I would suggest that this is more an issue of having either too much camber on your jointer plane, leading to tracks, or not enough camber, leading to dig ins at the corner, rather than an absolute advantage of powered jointers over hand planes. If only you knew someone who knew their way around hand planes, maybe even someone with a website and a podcast.  ^_^

 

Serious question: is your helical head good enough that the surface it leaves is ready for finish without any other treatment (smoothing plane, sanding, scraping, etc.)?

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Serious question: is your helical head good enough that the surface it leaves is ready for finish without any other treatment (smoothing plane, sanding, scraping, etc.)?

 

No. It can still use a few passes from the smoother or a 220 sanding to be truly finish-ready. But it's no worse off than the surface left by the average jointer plane (ok, MY camberless plane). Incidentally, William Ng has a Felder planer that produces a finish that's damn near hand plane quality. I am always amazed at that! Someday when I have an extra 10,000 beans laying around, I'll pick one up, lol.

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I would suggest that this is more an issue of having either too much camber on your jointer plane, leading to tracks, or not enough camber, leading to dig ins at the corner, rather than an absolute advantage of powered jointers over hand planes. If only you knew someone who knew their way around hand planes, maybe even someone with a website and a podcast.  ^_^

 

Serious question: is your helical head good enough that the surface it leaves is ready for finish without any other treatment (smoothing plane, sanding, scraping, etc.)?

 

Nope, but is a sawn board that was jack planed and try planed ready for the finishing room? Still needs a smooth, scrape, plane. All very dependent on job size but for me it does not have to be a very big job before hand planes take longer and from an industry basis edge jointing by hand never happens in our shop.

But is longer a problem? No, longer can be fun. 

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Good observations.

I think a busy shop is more apt to using powered equipment over hand equipment. It just makes sense from production stand point.

I make one or two tables a week, and maybe a small box or so. I have the time to use whichever tool makes me happy. This happens to be hand planes. I use them as much as possible. I'm also realistic. I use my planer on almost every project. I don't have a jointer, and honestly I don't want one. When thinking about it, that's when I decided to invest in hand tools more. We all know who won that decision :)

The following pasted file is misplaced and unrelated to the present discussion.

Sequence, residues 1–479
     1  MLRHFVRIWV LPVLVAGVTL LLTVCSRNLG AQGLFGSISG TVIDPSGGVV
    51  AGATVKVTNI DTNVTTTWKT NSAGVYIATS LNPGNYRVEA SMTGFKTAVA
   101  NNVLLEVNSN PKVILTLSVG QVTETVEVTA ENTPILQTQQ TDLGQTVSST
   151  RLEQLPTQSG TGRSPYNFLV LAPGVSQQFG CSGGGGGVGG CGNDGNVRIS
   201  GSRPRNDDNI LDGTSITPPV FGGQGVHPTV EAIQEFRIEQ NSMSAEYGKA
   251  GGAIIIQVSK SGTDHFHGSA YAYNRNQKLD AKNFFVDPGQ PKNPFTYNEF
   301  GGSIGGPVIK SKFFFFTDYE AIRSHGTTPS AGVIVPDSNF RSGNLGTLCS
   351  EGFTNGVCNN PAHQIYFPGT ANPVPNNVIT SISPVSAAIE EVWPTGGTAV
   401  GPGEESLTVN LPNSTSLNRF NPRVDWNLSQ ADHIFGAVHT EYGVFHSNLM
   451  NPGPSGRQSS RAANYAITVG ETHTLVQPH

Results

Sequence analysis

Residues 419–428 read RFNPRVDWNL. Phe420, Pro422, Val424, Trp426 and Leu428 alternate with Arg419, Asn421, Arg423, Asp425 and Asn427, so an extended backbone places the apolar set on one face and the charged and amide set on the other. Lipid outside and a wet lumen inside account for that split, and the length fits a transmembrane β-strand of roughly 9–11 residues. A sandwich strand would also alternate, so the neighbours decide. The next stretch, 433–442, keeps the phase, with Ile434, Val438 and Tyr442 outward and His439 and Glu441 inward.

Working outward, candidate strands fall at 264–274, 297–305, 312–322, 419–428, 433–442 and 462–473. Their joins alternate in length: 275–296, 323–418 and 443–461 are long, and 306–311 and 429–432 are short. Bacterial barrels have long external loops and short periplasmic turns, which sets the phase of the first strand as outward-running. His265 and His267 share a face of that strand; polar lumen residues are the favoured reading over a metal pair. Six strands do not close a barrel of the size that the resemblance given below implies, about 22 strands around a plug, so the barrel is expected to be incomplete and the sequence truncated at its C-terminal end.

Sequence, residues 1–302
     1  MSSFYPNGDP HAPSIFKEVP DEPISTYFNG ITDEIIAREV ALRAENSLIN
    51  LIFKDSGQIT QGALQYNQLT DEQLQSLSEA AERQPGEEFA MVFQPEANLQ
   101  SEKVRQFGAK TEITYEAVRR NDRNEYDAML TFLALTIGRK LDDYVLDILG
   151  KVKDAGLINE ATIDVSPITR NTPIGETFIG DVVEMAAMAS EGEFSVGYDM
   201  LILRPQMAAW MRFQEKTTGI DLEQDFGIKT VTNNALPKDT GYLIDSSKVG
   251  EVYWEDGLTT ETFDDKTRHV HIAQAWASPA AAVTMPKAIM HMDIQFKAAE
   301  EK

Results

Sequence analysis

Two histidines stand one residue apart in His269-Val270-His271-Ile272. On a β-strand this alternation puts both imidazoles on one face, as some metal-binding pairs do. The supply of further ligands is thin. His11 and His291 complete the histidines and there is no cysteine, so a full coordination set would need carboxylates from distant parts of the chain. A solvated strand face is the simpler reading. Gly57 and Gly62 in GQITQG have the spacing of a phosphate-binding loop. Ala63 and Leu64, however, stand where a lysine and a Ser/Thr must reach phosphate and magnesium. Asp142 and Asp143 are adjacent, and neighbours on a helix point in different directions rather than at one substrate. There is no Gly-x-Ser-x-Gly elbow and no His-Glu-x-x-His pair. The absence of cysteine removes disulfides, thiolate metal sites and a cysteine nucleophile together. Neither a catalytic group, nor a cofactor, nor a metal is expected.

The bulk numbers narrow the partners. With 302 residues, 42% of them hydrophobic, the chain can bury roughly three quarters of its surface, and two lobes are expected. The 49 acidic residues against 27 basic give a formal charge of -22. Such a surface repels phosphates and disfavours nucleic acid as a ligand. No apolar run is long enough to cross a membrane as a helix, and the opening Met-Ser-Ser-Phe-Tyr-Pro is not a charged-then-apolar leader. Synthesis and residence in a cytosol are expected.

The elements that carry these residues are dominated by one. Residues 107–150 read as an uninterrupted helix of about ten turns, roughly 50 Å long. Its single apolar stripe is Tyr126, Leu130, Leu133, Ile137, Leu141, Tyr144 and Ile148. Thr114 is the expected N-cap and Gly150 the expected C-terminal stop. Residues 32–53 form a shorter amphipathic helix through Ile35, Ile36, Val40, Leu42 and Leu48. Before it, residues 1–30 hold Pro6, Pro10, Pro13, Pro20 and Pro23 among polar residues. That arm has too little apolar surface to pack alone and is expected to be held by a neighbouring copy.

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I dont know anything about hand planing. How long does it take to joint, plane and thickness an average reasonably  decent piece of rough cut lumber 13" wide by say 5 ft long?

 

 

I haven't timed myself, but Bob Rozaieski has a podcast episode where he times himself flattening a rough piece of walnut. It takes him 5-1/2 minutes to thickness a board that looks to be about 8" x 24".
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Why is everyone in such a hurry? 

 

haha good question! For me personally, it's not about a desire to be in a hurry. It's more about a desire to NOT be slowed down.  Some tools cause me to feel like I'm going 25 mph in a 45 mph zone. I'm not in a rush. I just want to go the speed limit.  :)

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haha good question! For me personally, it's not about a desire to be in a hurry. It's more about a desire to NOT be slowed down.  Some tools cause me to feel like I'm going 25 mph in a 45 mph zone. I'm not in a rush. I just want to go the speed limit.   :)

You sound like the grandma always driving in my neighborhood. It's a small area, so I always end up stuck behind her every now and then. 15mph in the 30mph  :rolleyes:

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==> Why is everyone in such a hurry? 

 

Good question --- Many of us have a rather significant investment in stationary tools (time, space, cost, hiding the cost, etc) when we could go hand-tool-only...

 

From a purely hobbyist perspective:

 

a. we love tools...  not sure if it's nature or nurture, but we've always always loved tools -- and the bigger the better... probably a guy thing...

b. we have real jobs... so can only work projects nights/weekends -- so at some point, efficiency has value...

c. watched way too much NYW growing up...

d. father/grandfather/etc had stationary tools...

e. part of the hobby is the tools themselves -- acquiring, setting-up, adjusting, tinkering, hiding costs...

f. school shop-class was totally Normite...

 

Of course the big one --- The better half wants six new living room end/occasional tables (plus matching coffee table) all in birdseye maple -- and oh BTW, "We're having a party in two weeks... They need to be ready...  And reading my confused expression, "What's the problem? You have all these tools"...     This has happened...

 

I'm sure there are other factors...